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Obituary - (From Hill City paper?)

This brief tribute to the memory of Eugene P. Worcester is the expression of a friend and fellow worker following an acquaintance of forty years. In his passing the members of the newspaper fraternity and the
Typographical Union with which he had been identified so many years, have lost an ea____ supporter and an advocate of more than ordinary ability.

Mr. Worcester's first experience in the printing business was gained in his boyhood in the state of Wisconsin. Successfully his work there ambition lured him to the state of Kansas, where he established and for several years published newspapers which became well known and widely quoted and helped to ________ the elements of civilization and ________ into a section then referred to as "Wild West". Later he became an ident of Colorado and had a prominent part in the work of dedicating Union Planters Home at Colorado Springs in 1892, now known all the continent as the most worthy complete institution of its kind, erected and maintained to furnish homes to care for the sick and aged members.

In 1893, Mr. Worcester located in Des Moines and was active in newspaper life until his retirement a few years ago. He was for many years superintendent of the Daily Cap_____ and later connected with the
Register. He took an active part in the affairs of the Union, being a representative of the International convention held in Los Angeles in 1915 and to conference of the Missouri Valley association. He had also attended annual conventions at Chicago, Montreal and Colorado Springs and enjoyed a wide acquaintance among printers and newspaper publishers. Until the very last, he retained his interest in what had been his life work and in the friends he surrounded himself with during the years. His family, his friends and home make the most appropriate monument one could have.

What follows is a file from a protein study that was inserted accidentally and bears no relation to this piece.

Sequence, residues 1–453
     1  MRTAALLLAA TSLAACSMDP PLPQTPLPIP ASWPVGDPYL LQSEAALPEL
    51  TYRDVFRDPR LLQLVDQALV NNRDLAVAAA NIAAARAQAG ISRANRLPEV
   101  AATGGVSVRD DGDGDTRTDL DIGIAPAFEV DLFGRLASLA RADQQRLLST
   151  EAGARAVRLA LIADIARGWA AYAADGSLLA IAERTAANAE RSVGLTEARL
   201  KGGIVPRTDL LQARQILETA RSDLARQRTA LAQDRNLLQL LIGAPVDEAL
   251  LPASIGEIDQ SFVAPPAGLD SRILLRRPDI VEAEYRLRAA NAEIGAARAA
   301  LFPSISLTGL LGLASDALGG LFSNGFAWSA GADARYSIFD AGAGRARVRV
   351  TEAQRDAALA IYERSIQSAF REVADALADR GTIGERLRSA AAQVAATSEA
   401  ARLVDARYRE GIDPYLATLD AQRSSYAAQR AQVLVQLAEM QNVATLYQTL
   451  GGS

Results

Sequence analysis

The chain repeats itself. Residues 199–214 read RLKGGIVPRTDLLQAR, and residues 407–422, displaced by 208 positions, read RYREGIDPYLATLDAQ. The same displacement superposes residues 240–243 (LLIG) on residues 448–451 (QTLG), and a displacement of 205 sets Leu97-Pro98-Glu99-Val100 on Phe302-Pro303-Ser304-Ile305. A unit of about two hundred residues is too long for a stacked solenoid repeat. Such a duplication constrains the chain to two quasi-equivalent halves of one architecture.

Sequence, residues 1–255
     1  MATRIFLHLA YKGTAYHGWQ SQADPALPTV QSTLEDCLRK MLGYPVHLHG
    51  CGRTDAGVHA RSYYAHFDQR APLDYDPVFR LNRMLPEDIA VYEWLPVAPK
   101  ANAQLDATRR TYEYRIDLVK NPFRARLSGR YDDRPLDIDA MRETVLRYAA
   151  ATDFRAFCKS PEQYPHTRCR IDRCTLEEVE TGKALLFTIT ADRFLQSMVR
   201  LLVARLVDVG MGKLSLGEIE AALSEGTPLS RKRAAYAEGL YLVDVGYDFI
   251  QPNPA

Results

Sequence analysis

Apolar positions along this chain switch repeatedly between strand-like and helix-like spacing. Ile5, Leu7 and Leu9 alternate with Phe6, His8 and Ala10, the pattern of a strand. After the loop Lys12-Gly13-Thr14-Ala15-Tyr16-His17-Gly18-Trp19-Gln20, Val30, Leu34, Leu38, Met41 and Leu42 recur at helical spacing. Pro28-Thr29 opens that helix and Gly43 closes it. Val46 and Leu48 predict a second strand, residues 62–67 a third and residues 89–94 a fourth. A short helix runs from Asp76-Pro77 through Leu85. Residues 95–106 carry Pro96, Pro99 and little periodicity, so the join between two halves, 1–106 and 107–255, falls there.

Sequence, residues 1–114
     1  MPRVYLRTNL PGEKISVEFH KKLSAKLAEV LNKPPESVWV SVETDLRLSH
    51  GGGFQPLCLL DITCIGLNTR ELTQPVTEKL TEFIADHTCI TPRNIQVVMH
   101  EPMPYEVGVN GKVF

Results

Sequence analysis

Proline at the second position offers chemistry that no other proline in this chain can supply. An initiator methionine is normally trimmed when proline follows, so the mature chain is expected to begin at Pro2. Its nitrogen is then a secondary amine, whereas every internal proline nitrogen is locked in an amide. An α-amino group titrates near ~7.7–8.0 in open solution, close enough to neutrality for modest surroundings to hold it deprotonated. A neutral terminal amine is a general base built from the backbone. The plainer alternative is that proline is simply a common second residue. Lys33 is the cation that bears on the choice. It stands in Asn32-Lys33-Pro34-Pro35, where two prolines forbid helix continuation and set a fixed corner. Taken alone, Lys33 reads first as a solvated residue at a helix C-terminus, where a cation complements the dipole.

Eugene Pierpont Worcester, born January 5, 1861 at Broadhead, Wisconsin and died August 1, 1938 in Altoona, Iowa, age 77 years, 6 months and 26 days.

He was the third child in a family of six, two of whom have preceded him in death. At the age of 17, the family moved to Graham County, Kansas where he engaged in the newspaper business.

In 1886, he located at Burlington, Colorado as editor of the Burlington Blade. On September 3, 1889 he was married to Miss May Miller of ______ place. To this union were born three children, Lester Earle, Irene Lilian, Eugene Jr. all of whom survive him. In 1893 he located in Des Moines, where he spent many years as a printer on the staff of the Daily Capital and Des Moines Register. In 1931 he moved with his family to their present home near Altoona, Iowa, where he greatly enjoyed the privilege of his association with nature and his garden and flowers were a great pride and joy to him.

He was always interested in community activities and the education and social gatherings with his neighbors and friends were a great ins___tion. He was a kind and loving husband and father, devoted to his family and very appreciative of all their kindness and care for him, during his declining health and lingering illness. His death is the first link to break the family chain. Surviving him in his father's
family are three sisters and brothers; viz; Martha Worcester of Hill City, Kansas, Mrs. Frank Blackburn of Gaylord, Kansas, Mrs. Edd Clark of ______ton, Kansas, and Lester R. Worcester of Hill City, Kansas. These with his associates, friends and neighbors will greatly miss his unique and pleasant personality.
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Emigrated April 1881

Grandma Ruth said that Grandma Juliana looked alot like her mother, Mathilda "Tillie".

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According to Worcester book, "Removed from Bradford to Haverhill about 1732, thence to Methuen, thence to Nottingham West, thence about 1760 to Groton, where he resided until his decease. Yeoman."

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Bryan was born with "hypospadias" a birth defect that affects 1 of every 280 male births. He was born with "first degree hypospadias". This is a very common birth defect, with no known cause, but because of the sheer nature of it, most people will not discuss it. It is where the urethral opening is other than at the end of the penis. It can be very severe, with the opening being at the base of the penis with no urethra. In Bryan's case, his urethral opening was at the base of the penis, but a little low. His defect was supposed to be correctable in one procedure.

H. Norman Noe at LeBonheur Children's hospital in Memphis, TN performed the first procedure on Bryan's third birthday, July 19, 1991. While the surgery was uneventful, Bryan was discharged with a problem with the bandage. This has caused numerous problems, whereby, to date (6/98) he has had surgery on 4-27-92, 6-20-94 at LeBonheur 10-20-94 in Jackson, MS and, 6-96 and 7-97 in Norfolk, Va. We finally went to a world-renowned doctor in Norfolk, who in 1996 completely redid Bryan's first major
surgery. He developed a problem thereafter called a fistula, and an attempt to correct this in 1997 was made, however, was not successful. Another surgery scheduled in 1999 was successful and there have been no further surgeries.